Salish Sea Currents
timely, local stories about ecosystem recovery
Science in the spotlight: Eelgrass recovery
The Washington Department of Natural Resources is studying new ways of increasing ecologically important eelgrass habitat in Puget Sound. It is part of the state's effort to boost eelgrass 20% Sound-wide by 2020. So far, recovery of the species has fallen short of that goal, but transplanting efforts are showing promise.
Ghost nets still fishing in the deep waters of Puget Sound
New technology is helping to remove deadly “ghost nets” that have been lost in the depths of Puget Sound. It is part of an effort that saves millions of animals every year, but managers say better reporting of these lost nets by fishermen is still needed.
The herring defenders
Each winter and spring, researchers survey the sometimes spectacular spawning events of Puget Sound's Pacific herring. They have found wide swings in the fish's population and an overall decline in herring numbers since the 1970s, but little is known about the cause or what this might mean for the health of the food web. We spent a day with a biologist spotting herring eggs and considering the future of one of our region's most ecologically and culturally important fish species.
Social networks a key to orca survival
Understanding the social networks and family bonds of Puget Sound's southern resident orcas may be critical to keeping the endangered whales from extinction. A healthy population is about more than numbers, scientists say. It's about connections.
Oil spill risks by the numbers
An EPA-funded study of oil spill risks in Puget Sound forms the basis of new legislation to regulate vessel traffic in the region. We break down some of the numbers from the study and look at where the risks may be greatest.
The Orca Docs: Can medical interventions help?
This three-part series explores opportunities and challenges of using medical interventions to save Puget Sound's southern resident orcas from extinction. Part 1 looks at how scientists might treat endangered southern resident orcas that face starvation and risks of disease; Part 2 considers how veterinarians have intervened with other animals in the wild, and how this might apply to orcas in Puget Sound; and Part 3 explores a federally approved vaccination program designed to ward of a deadly virus among endangered Hawaiian monk seals.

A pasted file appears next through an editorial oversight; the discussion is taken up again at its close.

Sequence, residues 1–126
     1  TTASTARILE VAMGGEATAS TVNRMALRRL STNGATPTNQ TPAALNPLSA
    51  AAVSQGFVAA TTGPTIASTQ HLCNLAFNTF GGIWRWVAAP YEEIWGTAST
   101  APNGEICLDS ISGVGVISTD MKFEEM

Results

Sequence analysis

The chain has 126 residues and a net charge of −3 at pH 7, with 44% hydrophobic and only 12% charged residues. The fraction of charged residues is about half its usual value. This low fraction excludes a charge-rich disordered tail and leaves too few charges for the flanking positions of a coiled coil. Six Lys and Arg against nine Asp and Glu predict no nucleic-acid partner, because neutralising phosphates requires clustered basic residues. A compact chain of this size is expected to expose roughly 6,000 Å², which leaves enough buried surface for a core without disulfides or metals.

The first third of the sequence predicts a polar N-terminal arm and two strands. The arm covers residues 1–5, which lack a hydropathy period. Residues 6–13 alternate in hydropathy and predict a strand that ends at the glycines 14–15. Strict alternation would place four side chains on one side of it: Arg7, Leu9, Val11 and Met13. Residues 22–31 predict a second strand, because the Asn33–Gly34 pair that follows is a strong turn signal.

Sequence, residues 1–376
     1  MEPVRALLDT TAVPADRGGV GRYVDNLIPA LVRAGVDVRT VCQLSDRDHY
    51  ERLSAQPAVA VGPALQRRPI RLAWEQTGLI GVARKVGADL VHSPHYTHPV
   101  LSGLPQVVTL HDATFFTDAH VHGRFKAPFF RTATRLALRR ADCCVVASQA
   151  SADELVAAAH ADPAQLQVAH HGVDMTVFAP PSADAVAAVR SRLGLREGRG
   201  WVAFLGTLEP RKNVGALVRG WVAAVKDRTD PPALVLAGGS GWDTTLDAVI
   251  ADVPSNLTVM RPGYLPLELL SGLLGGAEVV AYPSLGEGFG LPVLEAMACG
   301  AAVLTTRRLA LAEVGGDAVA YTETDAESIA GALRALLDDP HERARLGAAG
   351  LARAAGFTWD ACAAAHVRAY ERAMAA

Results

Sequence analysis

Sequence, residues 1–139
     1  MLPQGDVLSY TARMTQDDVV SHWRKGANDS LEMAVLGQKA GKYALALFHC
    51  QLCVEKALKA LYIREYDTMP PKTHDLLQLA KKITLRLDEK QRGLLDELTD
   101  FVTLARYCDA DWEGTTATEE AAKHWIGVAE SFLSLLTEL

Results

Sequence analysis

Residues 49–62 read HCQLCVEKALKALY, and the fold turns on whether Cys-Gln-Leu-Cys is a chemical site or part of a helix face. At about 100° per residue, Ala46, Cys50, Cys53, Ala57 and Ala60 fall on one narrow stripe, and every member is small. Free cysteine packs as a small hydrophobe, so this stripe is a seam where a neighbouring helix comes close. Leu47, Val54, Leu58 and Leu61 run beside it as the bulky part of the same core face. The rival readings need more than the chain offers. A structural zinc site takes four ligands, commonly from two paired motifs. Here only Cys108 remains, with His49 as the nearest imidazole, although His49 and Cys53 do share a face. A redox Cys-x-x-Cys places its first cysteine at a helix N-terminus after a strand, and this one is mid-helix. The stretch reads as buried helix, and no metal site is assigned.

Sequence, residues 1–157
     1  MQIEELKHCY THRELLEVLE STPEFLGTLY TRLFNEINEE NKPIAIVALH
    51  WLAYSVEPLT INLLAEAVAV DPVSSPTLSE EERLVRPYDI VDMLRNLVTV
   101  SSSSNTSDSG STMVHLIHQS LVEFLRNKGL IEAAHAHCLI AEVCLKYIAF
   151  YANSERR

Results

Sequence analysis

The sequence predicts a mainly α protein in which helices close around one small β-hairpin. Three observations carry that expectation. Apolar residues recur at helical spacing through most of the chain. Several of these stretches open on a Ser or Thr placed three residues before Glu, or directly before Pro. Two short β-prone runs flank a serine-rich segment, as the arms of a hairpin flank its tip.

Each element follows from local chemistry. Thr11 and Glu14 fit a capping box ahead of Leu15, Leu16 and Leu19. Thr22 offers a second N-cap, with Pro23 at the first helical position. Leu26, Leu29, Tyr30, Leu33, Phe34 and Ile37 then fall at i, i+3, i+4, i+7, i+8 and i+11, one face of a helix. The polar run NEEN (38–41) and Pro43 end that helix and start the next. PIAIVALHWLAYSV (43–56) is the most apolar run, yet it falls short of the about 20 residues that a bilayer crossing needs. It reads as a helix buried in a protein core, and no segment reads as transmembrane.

Vaccines now used to reduce the risk of extinction in Hawaiian monk seals
For critically endangered animal populations, experts worry that a highly infectious disease could be the final nail in the coffin, forcing the species into extinction. That’s one reason why federal authorities approved the development and deployment of a new vaccine to ward off the deadly morbillivirus among Hawaiian monk seals. The vaccination program raises the possibility of using vaccines to prevent disease among Puget Sound's southern resident killer whales, but no specific steps have been taken so far.
When should medical experts intervene to save a killer whale?
The death of a young female orca in September has sparked a discussion of how and whether scientists should step in with medical care for distressed animals in the wild. Medical intervention has become routine for some endangered mammals, but scientists say Puget Sound’s resident orcas present a series of unique challenges and ethical questions. In part one of our two-part series The Orca Docs we look at how scientists are preparing to treat endangered southern resident orcas that face starvation and risks of disease.
Tidal forests offer hope for salmon
Can scientists bring back the lost tidal forests of Puget Sound? It could take generations, but restoring this rare habitat will pay big dividends for Puget Sound’s salmon.
Respecting the rockfish of the Salish Sea
Puget Sound's rockfish have declined by 70% over the past few decades, prompting state and federal protection efforts. We look at some of the ways that scientists are working to reverse the fish's downward trend.
Studies show challenges for eelgrass restoration
As critically important eelgrass declines in some parts of Puget Sound, scientists are trying to plant more of it. The health of the ecosystem may be riding on their efforts, but what they are finding is something that farmers have known for thousands of years: Getting something to grow may be harder than you think.
Nights in the lives of the rhinoceros auklets of Protection Island
More than 70 percent of the seabird population of Puget Sound nests on a single island in the Strait of Juan de Fuca. That includes a massive colony of rhinoceros auklets that has drawn the interest of scientists and birders alike. Our writer Eric Wagner visited the island this summer and reports on a long-term study of the auklets that is revealing new information about the health of seabirds in the Salish Sea.